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Ganguro Girls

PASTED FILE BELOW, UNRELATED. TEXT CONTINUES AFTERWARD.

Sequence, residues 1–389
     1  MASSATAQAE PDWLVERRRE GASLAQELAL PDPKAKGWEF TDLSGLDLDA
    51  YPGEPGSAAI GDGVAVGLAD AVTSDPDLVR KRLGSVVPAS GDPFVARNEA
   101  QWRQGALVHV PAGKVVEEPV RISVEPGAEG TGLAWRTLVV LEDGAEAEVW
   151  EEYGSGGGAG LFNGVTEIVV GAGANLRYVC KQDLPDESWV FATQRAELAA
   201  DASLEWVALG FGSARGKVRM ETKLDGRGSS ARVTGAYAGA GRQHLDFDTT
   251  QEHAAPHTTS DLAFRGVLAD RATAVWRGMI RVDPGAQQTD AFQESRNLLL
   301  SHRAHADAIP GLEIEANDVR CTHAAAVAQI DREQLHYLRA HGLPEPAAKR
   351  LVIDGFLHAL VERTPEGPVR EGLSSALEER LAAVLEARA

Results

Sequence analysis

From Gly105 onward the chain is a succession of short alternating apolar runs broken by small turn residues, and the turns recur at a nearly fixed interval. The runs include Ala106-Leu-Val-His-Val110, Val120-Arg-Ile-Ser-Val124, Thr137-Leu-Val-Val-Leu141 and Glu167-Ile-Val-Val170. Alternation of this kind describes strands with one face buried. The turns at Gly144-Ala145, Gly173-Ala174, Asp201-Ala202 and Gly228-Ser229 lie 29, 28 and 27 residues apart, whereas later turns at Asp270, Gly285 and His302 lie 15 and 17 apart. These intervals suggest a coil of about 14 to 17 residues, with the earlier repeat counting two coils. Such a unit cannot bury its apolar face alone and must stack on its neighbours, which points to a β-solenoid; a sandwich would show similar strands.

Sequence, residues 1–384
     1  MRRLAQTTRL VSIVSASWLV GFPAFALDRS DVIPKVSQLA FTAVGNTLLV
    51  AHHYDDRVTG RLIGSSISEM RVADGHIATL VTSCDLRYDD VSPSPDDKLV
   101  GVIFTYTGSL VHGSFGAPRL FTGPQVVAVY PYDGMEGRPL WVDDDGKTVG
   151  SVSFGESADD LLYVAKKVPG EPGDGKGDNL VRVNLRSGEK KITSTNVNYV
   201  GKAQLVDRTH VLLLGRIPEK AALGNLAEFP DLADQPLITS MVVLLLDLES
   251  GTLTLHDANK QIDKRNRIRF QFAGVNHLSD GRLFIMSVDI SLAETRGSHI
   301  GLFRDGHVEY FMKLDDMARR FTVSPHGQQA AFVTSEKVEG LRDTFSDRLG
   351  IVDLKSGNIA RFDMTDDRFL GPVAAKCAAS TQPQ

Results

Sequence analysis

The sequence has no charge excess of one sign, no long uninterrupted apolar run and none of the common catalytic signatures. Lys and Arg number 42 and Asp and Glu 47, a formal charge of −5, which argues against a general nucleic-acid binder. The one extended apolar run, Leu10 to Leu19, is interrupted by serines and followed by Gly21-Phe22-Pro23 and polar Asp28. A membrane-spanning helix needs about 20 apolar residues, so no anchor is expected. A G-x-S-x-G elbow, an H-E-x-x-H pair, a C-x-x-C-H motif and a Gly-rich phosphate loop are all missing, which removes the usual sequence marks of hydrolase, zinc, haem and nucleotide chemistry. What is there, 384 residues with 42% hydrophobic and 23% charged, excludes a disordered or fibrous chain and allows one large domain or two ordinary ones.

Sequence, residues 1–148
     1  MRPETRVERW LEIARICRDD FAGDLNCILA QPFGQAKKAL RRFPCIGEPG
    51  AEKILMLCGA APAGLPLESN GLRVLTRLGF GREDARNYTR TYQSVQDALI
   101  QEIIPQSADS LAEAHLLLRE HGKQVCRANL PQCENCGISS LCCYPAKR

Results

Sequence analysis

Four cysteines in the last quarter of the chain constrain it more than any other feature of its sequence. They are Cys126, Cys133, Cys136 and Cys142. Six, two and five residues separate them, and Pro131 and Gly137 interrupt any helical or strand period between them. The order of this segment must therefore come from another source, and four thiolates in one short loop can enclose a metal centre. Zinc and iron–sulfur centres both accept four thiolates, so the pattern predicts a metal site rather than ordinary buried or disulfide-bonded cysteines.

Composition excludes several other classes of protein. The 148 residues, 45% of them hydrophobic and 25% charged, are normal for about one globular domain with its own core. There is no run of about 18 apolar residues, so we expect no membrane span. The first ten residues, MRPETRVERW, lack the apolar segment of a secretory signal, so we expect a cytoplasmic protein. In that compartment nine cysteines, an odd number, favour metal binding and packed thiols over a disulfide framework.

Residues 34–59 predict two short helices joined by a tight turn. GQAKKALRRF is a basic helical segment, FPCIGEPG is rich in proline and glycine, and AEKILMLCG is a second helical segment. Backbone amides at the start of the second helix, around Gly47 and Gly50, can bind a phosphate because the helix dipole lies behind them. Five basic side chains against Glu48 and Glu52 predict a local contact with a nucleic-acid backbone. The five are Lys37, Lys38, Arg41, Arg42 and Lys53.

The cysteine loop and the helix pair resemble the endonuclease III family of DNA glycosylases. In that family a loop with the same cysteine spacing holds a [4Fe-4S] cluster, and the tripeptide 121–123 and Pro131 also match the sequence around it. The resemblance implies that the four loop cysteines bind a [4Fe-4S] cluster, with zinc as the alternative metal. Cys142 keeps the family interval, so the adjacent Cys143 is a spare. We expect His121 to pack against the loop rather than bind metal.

Ganguro Girls - Kate Klippensteen This is kind of dated, but ten years ago, this "ganguro" fashion was all the rage in Tokyo. Even under normal circumstances, Tokyo can seem surreal, with all its activity and foreign-ness. Now add to that a sizable portion of the young women suddenly appearing with light brown to bleach-blonde hair, tanning themselves to a crisp (or worse yet, spraying on that orange fake-tan) and donning super-tall platform shoes... it takes weirdness to a whole new (wonderful) level. Here are some images of what was the hip new look back then:Those kids are really overdoing it. What's most interesting about these ganguro (also called "Yamanba") is they had an unofficial leader in pop singer Ayumi Hamasaki, who pioneered their look in the mid 90's, and whose face was on almost every advertising image in Japan circa 2000-2003. Unlike her followers, Hamasaki was almost tastefully reserved about the aesthetic... as tastefully reserved as a bottle-blonde Japanese woman wearing 12" platform shoes can be, anyhow.Like any red-blooded guy in Japan, I had it bad for Ayu-chan (as she was affectionately called) for a few years there. Not only was Ayu appealing to look at, but she came out with a bunch of infectiously kinetic over-the-top electronic club hits which have become the soundtrack for the early 2000's Japan, the same way the Bee Gee's Saturday Night Fever album is a soundtrack for the late 70's disco era. Here's a little taste of her music:Her big single of 1999, "Audience" No? How about the 2001 hit "Evolution"? Nobody, including (or maybe especially) Japanese native speakers seem to know what this song is about, but that didn't stop every club in Roppongi (the "club district" of Tokyo) from playing it constantly.If you like that, you can get some of her albums on Amazon.com, then brag to your friends, hipster-style how you've been listening to this awesome CD that they've probably never heard of. Which, I guess I'm doing here, but at least I'm sharing the links and telling you where to get the album.Maybe this is more of a [b:Stuff White People Like|3106441|Stuff White People Like A Definitive Guide to the Unique Taste of Millions|Christian Lander|http://d.gr-assets.com/books/1320554572s/3106441.jpg|3137694] kind of thing.But it's not just white people. Everybody loves Hamasaki. She has been frequently compared to Madonna, probably because she likes to constantly reinvent herself. Here are some of my favorite Hamasaki incarnations:Squirrel GirlLeopard Woman (I'm sensing a pattern)Whatever you call thisHamasaki as Madonna as a cowgirlHamasaki wondering what she would look like as a brunette(a daring flirtation indeed, for a Japanese pop icon)and of courseHamasaki recast as a twincestuous duoOh, I almost forgot! Like the artist formerly known as Prince, Hamasaki also has her own proprietary typographical symbol to signify her name.Granted, it's little more than a stylized "A", but don't be a hater; I think it's Ayu-riffic.Ugh. Well, I've kind of strayed away from what the book's about. It's essentially a picture book of these ganguro girls, also known as yamanba, who are also the legion Hamasakiites who've fueled this media icon's career, these past 10 years. There's a wide spectrum here; some of these poor girls are outlandish clowns, others are smokin' hot eye candy. (I notice the phrase "smokin' hot eye candy" is more evocative of grusome ophthalmologic injuries than appealing young women. I promise I won't use it again.) There is a little bit of text- mostly superficial blurbs about these girls' hobbies ("shopping" comes up a lot). What did you expect, a PhD dissertation?